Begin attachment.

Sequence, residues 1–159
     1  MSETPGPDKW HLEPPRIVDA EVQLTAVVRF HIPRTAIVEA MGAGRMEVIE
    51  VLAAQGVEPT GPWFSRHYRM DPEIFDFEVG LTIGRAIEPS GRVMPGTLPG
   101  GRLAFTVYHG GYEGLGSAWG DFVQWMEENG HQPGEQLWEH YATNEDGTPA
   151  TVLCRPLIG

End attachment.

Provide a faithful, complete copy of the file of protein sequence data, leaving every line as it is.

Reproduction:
Sequence, residues 1–159
     1  MSETPGPDKW HLEPPRIVDA EVQLTAVVRF HIPRTAIVEA MGAGRMEVIE
    51  VLAAQGVEPT GPWFSRHYRM DPEIFDFEVG LTIGRAIEPS GRVMPGTLPG
   101  GRLAFTVYHG GYEGLGSAWG DFVQWMEENG HQPGEQLWEH YATNEDGTPA
   151  TVLCRPLIG